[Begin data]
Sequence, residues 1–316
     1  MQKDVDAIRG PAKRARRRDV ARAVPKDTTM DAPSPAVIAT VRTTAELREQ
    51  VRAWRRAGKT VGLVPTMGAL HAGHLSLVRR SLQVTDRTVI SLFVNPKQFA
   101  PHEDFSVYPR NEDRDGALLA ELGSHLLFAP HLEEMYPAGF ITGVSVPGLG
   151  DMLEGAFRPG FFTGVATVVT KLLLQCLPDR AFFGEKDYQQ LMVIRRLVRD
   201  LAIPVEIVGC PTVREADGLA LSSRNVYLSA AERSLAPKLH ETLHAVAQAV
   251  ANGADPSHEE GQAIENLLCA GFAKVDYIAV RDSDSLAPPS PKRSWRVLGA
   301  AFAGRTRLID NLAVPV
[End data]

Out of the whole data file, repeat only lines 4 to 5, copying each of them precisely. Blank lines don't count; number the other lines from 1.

   101  PHEDFSVYPR NEDRDGALLA ELGSHLLFAP HLEEMYPAGF ITGVSVPGLG
   151  DMLEGAFRPG FFTGVATVVT KLLLQCLPDR AFFGEKDYQQ LMVIRRLVRD